Faith Life Family Church preaches God’s goodness

Sun News correspondentApril 10, 2013 

WARNER ROBINS -- With minimal advertising, 25 people attended Faith Life Family Church’s first service in 2007 in a community room at Eagle Springs in Centerville.

Now, the growing congregation meets in a remodeled facility on Constitution Drive off Houston Lake Road, once the home of West Plumbing.

A favorite scripture of the church’s pastors, Dave and Kendall Watrous, is the church’s theme. It’s the latter part of Psalm 84:11: “… no good thing will he withhold from them that walk uprightly.”

“That’s a big part of our message,” Dave Watrous said. “God is good and does good things. We talk about it frequently. No more than a parent would put hardship on their children to teach them a lesson, God wouldn’t put disease on his children just to teach them. We don’t make a doctrinal issue of it, but in reaching out to people it’s something they need to know. It’s the goodness of God that leads to repentance. People need to know God is good.”

While Dave Watrous was born and raised in Connecticut, for Kendall Watrous, moving to Warner Robins to start the church was literally moving back home.

“People who used to know me and know what I’m doing now say, ‘Boy, you’ve really changed,’ ” Kendall Watrous said. “And it’s true. When I was here before, I was a mess.”

Kendall Watrous said she and her family moved to Warner Robins in 1985, and she graduated from Northside High School in 1988. Her father, Bill Williford, taught at Perry Middle School when he retired from the military and now teaches at Georgia Military College.

“I was searching,” Kendall Watrous said. “Basically, I was an alcoholic at 14. Even though I was homecoming queen as a junior, behind the scenes I was hopelessly lost. I went off to college and was in and out of rehab and AA. I woke up one morning in Savannah with a gospel tract balled up in my hand with a church’s number stamped on it. I called them, and they came and picked me up and helped me. I rededicated my life to Jesus. I went to a Christian drug and alcohol program and got sober, and God turned my life around. My mom and dad had really been praying for that.”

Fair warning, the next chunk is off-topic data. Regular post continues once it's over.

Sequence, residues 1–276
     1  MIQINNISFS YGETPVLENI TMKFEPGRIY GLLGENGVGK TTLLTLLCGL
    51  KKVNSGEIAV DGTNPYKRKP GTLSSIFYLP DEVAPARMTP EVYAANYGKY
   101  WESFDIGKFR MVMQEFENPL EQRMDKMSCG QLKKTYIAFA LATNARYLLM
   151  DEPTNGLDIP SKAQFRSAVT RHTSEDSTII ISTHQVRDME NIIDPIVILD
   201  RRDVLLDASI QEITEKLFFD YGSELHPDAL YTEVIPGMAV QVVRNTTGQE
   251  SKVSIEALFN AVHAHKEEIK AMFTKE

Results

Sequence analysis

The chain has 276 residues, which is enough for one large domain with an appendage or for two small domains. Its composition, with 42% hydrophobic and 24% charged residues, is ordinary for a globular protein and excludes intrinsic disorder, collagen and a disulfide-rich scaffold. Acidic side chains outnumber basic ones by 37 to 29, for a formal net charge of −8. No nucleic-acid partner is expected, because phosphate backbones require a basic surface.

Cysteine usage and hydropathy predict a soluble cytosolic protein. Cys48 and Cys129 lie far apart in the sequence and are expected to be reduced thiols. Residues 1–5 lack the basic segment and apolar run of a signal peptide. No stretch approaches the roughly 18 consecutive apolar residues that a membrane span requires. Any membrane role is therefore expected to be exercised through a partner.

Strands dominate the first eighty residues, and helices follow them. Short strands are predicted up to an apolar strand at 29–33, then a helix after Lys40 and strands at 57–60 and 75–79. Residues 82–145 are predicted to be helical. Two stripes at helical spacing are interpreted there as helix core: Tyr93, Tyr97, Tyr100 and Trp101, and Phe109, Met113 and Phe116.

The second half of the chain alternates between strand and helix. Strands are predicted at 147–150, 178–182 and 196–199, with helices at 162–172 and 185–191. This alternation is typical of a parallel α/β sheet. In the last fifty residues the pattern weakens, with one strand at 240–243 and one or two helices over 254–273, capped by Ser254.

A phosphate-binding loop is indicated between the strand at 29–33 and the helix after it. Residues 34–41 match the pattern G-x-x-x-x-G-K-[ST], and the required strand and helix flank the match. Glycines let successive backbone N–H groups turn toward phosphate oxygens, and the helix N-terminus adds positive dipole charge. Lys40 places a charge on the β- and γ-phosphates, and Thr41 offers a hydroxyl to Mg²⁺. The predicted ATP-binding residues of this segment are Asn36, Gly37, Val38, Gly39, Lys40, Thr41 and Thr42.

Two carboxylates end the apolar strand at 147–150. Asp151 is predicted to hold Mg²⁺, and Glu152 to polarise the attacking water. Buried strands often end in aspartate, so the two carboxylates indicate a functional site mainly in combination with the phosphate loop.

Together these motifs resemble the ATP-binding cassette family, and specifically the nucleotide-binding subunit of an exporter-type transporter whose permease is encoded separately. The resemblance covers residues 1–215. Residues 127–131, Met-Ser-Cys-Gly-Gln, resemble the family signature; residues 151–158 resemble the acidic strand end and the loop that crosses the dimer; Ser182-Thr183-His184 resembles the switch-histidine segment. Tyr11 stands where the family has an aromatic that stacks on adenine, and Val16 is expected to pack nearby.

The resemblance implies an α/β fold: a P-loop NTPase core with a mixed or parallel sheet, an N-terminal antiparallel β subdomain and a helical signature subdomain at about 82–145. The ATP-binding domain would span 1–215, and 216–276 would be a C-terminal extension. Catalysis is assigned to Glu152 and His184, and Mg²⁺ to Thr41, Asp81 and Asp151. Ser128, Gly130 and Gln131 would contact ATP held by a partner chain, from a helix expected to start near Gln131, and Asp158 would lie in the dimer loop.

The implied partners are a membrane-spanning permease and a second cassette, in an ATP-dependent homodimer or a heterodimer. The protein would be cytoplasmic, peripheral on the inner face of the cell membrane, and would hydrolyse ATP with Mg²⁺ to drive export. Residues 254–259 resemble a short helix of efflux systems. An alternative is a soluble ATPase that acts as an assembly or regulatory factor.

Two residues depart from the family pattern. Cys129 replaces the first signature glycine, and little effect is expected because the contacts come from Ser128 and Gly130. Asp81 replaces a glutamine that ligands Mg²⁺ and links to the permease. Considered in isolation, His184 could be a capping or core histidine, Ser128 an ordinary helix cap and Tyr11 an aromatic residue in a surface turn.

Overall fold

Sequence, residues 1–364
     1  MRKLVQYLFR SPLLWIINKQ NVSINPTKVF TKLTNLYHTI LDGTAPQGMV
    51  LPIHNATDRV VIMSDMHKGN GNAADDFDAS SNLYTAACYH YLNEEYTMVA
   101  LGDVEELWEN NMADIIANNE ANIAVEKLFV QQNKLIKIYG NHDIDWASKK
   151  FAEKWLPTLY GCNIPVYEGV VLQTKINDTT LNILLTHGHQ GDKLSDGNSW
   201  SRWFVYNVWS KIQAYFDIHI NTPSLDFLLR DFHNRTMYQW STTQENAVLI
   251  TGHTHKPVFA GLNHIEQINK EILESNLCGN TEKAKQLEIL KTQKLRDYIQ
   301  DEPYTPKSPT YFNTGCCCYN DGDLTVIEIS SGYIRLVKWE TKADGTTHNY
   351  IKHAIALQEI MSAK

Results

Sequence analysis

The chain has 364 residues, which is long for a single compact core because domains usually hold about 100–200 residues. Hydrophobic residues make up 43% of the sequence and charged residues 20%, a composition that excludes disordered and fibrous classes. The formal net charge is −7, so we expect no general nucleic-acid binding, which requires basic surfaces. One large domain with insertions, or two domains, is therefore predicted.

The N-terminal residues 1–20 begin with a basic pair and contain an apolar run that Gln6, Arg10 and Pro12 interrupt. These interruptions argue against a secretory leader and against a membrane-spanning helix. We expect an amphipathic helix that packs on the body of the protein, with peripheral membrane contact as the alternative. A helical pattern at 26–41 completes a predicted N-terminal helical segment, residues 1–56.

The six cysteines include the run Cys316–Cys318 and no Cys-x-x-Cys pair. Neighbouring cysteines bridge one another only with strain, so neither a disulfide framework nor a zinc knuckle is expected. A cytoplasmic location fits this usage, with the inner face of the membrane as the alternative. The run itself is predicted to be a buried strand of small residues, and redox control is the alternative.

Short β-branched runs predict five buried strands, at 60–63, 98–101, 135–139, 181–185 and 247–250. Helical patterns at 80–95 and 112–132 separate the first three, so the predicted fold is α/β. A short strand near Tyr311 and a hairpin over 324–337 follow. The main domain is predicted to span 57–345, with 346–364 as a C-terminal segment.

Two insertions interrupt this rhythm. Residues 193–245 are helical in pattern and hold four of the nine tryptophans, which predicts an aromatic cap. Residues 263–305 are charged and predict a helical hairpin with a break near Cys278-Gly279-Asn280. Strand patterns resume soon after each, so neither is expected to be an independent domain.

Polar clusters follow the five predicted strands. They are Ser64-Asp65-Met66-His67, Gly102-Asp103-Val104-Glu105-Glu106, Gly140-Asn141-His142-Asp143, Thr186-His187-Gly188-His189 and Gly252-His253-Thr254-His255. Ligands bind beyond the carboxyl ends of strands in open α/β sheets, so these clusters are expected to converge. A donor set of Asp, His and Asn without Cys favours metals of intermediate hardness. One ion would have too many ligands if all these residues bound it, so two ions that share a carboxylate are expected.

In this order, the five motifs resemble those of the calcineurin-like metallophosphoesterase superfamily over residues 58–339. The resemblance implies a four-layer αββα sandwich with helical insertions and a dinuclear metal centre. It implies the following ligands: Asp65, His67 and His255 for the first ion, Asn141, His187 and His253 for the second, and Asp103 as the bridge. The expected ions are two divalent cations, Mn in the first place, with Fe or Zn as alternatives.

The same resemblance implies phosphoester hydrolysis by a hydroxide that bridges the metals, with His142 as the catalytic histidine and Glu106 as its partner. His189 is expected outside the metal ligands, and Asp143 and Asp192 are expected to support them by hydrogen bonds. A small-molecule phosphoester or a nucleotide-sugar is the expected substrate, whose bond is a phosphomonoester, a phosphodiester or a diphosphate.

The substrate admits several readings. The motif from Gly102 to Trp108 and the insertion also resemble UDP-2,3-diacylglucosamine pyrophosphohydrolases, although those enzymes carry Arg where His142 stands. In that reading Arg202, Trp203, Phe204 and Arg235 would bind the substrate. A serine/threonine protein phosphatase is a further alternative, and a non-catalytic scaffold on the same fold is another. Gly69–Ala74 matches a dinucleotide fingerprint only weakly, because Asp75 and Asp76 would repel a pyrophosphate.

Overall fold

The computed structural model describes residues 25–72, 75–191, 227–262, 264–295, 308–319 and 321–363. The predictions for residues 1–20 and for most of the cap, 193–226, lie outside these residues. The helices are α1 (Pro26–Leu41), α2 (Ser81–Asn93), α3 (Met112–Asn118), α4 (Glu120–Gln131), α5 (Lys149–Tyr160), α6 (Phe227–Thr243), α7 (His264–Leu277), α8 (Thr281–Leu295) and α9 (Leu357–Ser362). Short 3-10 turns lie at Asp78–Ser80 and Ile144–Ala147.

The Watrouses said Kendall’s experience helped shape the church’s dedication to reaching out to others.

“It was God that reached Kendall, but God moves through people to reach people,” Dave Watrous said. “God is good. We just have to live it out, so others can see. For a church our size -- we don’t see ourselves as a small church, just as a young church -- we’re big on outreach.”

Kendall Watrous said outreach includes visiting door to door in neighborhoods and efforts like a Bags of Love ministry to the needy and helping families during the holidays.

“We want to think outside the box, out the doors of our church into the world,” she said. “If you’re just self-minded, all you have is your own little club. If somebody hadn’t reached out to me and planted a seed in my heart and mind, then I sure wouldn’t be where I am today. You have to take what you have and reach out to people, regular people.”

Both Dave and Kendall Watrous are graduates of Rhema Bible Training College in Tulsa, Okla. They were ordained by and belong to the Rhema Ministerial Association International and Fresh Oil Fellowship, which provide accountability in ministry.

After graduation, Dave Watrous traveled for 12 years with a ministry group from Rhema that accompanied the college’s founder, Kenneth Hagin Sr. Following that, the couple served three years as associate ministers at Cornerstone Church in Linden, Ala.

“We moved here in 2006 to start the church, but we came here to be married in Perry in 1994,” Dave Watrous said. “It was a hot and steamy day. It was the day after the big flood that year, and the sun had come out and it was literally steaming. We have pictures of the wedding and newspaper clippings of the flood.”

The couple has two children, daughter Demi and son Drew.

As a ministering couple, Dave and Kendall Watrous said they truly are a team and share pastoral ministry. While Dave Watrous said he does most of the teaching, he said his wife is a very capable minister who also teaches. She also leads the church’s worship team.

“We believe God answers prayer and heals today,” Kendall Watrous said. “We see him move in our services and in people’s lives in transforming ways. We stress we’re a family. Some say they don’t believe in organized religion or going to church, but where do you turn when hard times come? You need a church family.”

Dave Watrous said Faith Life Family Church is called to reach people and grow believers.

“God’s heart is reaching the lost and seeing them grow in Christ,” he said. “Our community needs to know God’s goodness. The devil will eat your lunch and leave a note saying God did it. So many are questioning and disoriented, disenfranchised from God because of that. We tell people God didn’t do it. If you can’t run to God for help because you think he’s causing the problem, where can you go?”

Contact Michael W. Pannell at

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